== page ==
The Air Mobility Command (AMC) Museum has recently begun the restoration of L1049E Super Constellation N1005C (c/n 4557) at Dover AFB, Delaware. This grand old lady arrived at the museum via a flatbed truck convoy on October 25, 1997 after sitting atop a restaurant for almost thirty years. The airplane was originally delivered to Cubana in 1954 and later sold to Seaboard and Western Airlines, who leased it out to a number of airlines before selling it to Capitol Airways in March 1966. After being withdrawn from service by Capitol in mid-1967, it was sold to Jim Flannery on August 20, 1967 for use as a cocktail lounge above his restaurant on Route 1 in Pendell, Pennsylvania. The restaurant went through a number of owners until 1996 when the Amoco Oil Company bought the site for a gas station. Amoco solicited over thirty organizations and finally donated the airplane to the AMC Museum. It was removed from the roof of the restaurant on July 9, 1997, disassembled and stored on an adjacent property for a few months until final arrangements were made for transporting it to the museum at Dover AFB.
For five years, the Super Connie patiently waited its turn in the restoration queue while the museum focused its efforts on its C-133B and KC-97L projects. With these projects essentially complete, it was now Connie's turn. A small crew of museum volunteers recently began the restoration by removing the hideous cocktail lounge interior, which included shag carpeting on the walls. Worldwide Aircraft Recovery was contracted in late 2002 to reassemble the aircraft and this work is scheduled to begin in early 2003. Since the engines and landing gear had been disposed of when the aircraft was converted into a cocktail lounge, these items were salvaged from an ex-Navy NC-121K Super Constellation, BuN 141292. This aircraft had been abandoned at the Florence Air and Missile Museum when it closed in 1996 and was the last Constellation operated by the US military when it was flow to Florence, SC on June 25, 1982. According to Michael Leister, the AMC Museum's director, the plan is to get the aircraft reassembled and back on itís "legs" and then complete the restoration over the next two years, as resources permit. It's interesting to note that this civilian aircraft will be restored to represent a military C-121C transport. This is opposite to the trend of recent years where ex-military Constellations have been restored to represent civilian airliners. For additional information about this project and the AMC Museum, visit their website at www.amcmuseum.org.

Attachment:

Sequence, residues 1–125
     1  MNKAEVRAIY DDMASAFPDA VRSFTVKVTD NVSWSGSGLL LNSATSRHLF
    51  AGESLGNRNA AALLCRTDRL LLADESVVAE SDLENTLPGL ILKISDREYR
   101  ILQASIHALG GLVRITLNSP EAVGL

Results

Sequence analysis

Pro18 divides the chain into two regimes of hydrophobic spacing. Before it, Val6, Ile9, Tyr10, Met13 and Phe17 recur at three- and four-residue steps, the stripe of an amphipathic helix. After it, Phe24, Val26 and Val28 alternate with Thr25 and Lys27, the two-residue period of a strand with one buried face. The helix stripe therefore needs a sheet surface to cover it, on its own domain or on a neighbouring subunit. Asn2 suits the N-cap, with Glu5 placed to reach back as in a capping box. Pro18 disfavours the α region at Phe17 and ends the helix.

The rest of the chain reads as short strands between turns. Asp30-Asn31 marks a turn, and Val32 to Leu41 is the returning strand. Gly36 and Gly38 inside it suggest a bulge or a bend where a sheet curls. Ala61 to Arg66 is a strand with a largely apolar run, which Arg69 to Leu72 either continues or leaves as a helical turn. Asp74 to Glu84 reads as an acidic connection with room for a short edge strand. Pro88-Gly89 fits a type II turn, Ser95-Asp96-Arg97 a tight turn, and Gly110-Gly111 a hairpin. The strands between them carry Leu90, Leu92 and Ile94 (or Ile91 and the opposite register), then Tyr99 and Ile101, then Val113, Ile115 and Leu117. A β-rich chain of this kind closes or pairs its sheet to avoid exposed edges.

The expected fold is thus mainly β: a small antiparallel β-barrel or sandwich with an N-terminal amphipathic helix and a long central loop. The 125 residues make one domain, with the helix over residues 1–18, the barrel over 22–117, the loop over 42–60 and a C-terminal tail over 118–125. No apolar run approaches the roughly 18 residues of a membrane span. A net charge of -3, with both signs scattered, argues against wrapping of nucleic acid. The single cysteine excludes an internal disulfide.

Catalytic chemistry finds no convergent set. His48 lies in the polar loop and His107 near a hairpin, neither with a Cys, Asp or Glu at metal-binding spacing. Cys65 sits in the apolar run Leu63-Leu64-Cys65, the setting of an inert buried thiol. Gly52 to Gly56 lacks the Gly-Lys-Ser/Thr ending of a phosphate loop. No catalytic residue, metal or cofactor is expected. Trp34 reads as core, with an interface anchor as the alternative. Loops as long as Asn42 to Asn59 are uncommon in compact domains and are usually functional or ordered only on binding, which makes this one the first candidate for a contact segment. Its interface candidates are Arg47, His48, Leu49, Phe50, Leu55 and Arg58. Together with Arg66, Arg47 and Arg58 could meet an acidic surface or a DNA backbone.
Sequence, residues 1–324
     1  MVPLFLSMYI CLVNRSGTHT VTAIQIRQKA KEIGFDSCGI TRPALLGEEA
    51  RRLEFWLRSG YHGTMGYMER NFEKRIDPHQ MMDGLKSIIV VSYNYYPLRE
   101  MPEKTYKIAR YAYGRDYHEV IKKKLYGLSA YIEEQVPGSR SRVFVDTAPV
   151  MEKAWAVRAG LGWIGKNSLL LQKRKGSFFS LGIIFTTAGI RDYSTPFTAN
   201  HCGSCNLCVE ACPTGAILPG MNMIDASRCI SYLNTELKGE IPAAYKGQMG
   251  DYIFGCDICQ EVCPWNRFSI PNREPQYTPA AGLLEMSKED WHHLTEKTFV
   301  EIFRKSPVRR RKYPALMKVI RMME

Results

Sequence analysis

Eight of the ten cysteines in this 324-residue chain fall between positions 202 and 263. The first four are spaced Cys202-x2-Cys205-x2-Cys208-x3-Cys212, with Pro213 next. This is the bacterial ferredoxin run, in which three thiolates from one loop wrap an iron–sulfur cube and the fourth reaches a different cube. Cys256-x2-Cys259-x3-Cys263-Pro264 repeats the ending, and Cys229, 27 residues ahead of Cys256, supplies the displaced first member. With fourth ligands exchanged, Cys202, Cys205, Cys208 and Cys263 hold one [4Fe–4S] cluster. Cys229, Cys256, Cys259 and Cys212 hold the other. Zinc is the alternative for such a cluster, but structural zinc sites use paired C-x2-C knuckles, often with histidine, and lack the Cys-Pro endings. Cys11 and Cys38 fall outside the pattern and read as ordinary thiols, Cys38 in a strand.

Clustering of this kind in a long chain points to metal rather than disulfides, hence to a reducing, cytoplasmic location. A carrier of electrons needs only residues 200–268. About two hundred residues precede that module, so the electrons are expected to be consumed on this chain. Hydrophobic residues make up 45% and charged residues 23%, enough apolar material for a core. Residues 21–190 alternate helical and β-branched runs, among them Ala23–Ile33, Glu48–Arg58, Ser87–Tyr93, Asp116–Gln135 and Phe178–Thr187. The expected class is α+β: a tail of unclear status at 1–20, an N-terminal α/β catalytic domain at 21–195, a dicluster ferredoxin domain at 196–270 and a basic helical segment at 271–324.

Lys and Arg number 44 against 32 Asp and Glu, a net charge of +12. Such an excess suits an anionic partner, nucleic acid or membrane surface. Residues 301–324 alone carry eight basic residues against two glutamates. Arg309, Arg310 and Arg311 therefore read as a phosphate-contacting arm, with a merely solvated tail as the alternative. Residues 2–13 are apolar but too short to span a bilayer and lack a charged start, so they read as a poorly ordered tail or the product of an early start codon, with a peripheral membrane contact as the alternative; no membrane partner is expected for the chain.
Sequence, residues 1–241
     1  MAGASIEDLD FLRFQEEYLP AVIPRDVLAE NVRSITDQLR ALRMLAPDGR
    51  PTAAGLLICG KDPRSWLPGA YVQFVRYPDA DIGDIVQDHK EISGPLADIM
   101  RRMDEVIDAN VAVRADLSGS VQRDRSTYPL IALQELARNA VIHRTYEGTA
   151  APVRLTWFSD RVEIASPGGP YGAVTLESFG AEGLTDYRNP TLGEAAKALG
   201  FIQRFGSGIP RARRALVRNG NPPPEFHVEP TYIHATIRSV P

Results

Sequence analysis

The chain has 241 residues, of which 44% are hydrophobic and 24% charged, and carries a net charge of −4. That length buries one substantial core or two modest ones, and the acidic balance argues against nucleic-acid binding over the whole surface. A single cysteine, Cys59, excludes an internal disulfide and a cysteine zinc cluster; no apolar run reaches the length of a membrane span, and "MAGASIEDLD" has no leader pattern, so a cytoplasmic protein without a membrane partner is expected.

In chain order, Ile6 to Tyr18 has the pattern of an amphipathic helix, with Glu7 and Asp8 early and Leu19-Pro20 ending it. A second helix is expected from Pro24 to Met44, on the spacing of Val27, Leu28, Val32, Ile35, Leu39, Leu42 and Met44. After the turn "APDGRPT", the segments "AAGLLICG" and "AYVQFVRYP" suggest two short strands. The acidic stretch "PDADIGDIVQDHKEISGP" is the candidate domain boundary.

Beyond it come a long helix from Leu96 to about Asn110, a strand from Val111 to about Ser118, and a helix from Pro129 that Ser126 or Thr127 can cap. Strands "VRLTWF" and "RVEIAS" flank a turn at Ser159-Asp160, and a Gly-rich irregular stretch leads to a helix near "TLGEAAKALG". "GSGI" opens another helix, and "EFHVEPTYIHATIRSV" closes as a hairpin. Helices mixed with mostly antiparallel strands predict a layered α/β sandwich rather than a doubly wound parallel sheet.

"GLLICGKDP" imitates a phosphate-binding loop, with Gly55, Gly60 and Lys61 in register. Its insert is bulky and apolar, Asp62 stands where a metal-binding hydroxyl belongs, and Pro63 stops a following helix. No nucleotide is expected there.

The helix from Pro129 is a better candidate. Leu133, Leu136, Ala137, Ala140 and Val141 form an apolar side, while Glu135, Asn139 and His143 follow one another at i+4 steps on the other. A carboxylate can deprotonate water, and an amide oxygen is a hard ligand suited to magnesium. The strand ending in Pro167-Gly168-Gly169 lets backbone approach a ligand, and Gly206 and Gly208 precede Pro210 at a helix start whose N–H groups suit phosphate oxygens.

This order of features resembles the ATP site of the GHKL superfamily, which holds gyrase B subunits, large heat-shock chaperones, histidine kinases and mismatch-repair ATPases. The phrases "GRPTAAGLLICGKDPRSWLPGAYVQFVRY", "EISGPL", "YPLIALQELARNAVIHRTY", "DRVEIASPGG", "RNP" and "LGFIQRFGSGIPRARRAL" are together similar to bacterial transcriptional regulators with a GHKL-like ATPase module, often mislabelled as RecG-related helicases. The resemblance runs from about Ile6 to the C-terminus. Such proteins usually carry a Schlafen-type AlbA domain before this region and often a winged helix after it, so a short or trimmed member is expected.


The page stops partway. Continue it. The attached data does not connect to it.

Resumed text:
Ralph M. Pettersen
Photo Credits: Harry Heist, Andy Martin, Jim Leech, Ralph M. Pettersen
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----Created 15 February 2004------Updated 6 March 2004----